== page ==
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Kent Cancer Trust award for male fertility study at the University of Kent

Gothami Fonseka: Gothami Fonseka, a PhD student at the School of Biosciences, University of Kent, has received £8000 funding from the Kent Cancer Trust for a study that will monitor the effects of cancer and cancer treatment on male fertility.

The purpose of her study is to develop technology aimed at improving the welfare of patients who are recovering from and under treatment for cancer, specifically Hodgkin’s Lymphoma and testicular tumours. The ultimate aim is to help such patients make decisions about their future reproductive choices, i.e. to provide information about the most suitable period of time from which they can think of starting or extending their family.

By so doing, it is hoped that the study will also provide insight into the origins of gross genetic (chromosomal) alterations in the sperm of cancer patients before, during and after chemotherapy. This may have significant implications for the understanding of cancer, cancer treatment and related fertility issues.

Gothami recently presented her preliminary findings at the International Society for Human Reproduction and Embryology (ESHRE) conference in Rome.

She said: ‘Testicular cancer and Hodgkin’s lymphoma are often diagnosed in males during their reproductive age. Both cancers have a high survival rate of 85%-90% when treated with combination chemotherapy. However, although the survival rate is good, the prospects for having children may be less so. What we aim to achieve through this study is to develop a simple test that could give patients a clearer insight into when they should try to have a family.’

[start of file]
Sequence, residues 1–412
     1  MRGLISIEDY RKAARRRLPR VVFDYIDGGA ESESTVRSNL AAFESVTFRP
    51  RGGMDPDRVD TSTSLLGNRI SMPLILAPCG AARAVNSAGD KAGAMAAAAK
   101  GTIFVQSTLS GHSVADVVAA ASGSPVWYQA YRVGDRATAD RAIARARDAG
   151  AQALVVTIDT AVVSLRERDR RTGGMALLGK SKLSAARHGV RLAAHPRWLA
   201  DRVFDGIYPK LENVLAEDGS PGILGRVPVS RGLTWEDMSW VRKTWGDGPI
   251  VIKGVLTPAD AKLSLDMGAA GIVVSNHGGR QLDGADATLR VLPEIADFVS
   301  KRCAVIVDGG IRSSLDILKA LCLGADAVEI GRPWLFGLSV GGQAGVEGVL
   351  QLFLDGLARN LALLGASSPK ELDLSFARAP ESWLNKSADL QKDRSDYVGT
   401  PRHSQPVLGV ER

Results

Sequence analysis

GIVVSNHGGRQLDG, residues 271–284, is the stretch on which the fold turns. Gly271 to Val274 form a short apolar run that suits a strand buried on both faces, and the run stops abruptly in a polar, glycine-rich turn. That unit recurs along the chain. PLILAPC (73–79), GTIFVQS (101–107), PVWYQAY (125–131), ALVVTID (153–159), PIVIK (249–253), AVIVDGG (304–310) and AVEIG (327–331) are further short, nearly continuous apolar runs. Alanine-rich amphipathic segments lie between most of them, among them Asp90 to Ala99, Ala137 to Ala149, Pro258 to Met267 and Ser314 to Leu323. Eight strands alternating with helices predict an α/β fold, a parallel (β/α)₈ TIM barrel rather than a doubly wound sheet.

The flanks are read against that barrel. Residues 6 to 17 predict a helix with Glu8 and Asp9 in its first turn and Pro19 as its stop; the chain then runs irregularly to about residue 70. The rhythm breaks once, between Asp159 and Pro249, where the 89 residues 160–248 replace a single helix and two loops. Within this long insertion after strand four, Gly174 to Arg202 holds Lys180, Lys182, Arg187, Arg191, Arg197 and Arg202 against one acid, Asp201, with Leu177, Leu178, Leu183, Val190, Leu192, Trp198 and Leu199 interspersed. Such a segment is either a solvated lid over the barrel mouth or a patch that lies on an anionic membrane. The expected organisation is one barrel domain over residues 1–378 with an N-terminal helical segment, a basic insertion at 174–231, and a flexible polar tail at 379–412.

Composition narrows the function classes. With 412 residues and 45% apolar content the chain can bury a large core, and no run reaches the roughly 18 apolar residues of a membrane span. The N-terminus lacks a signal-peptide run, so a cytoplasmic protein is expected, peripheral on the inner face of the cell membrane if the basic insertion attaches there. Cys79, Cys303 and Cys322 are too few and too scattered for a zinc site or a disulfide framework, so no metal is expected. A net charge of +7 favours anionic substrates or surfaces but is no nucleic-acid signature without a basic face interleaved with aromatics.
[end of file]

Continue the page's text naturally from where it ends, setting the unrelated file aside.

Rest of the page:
Dr Mary Buchanan, Chair of Trustees, Kent Cancer Trust, commented: ‘One of Kent Cancer Trust’s basic objectives is translational research – from bench to bedside. This means that the results of cancer research undertaken in the laboratory, in conjunction with cancer clinicians in the clinic, can be used for the benefit of cancer patients. Gothami’s project epitomises this objective splendidly and we are delighted to be supporting her.’

Darren Griffin, Professor of Genetics at the School of Biosciences and Gothami Fonseka’s PhD supervisor, added: ‘I am pleased that the Kent Cancer Trust selected one of my PhD students for this project. The work of the Kent Cancer Trust is extremely important and such a collaboration can only strengthen links between biomedical research in the University and local health care. We are very proud of Gothami’s achievements and look forward to an interesting outcome to this project.’

The Kent Cancer Trust was established in 2004. It is the only charity in Kent that integrates cancer research, clinical treatments and public information. Its four main aims are to: relieve the suffering of cancer patients and improve cancer care within the Kent area; develop and train cancer clinicians, medical staff and students; promote research into the cause and treatment of cancer through new and kinder treatments; and increase public awareness and education about the cause and treatment of cancer.

For further information on the Kent Cancer Trust or to make a donation go to:


Story published at 12:25pm 19 July 2010

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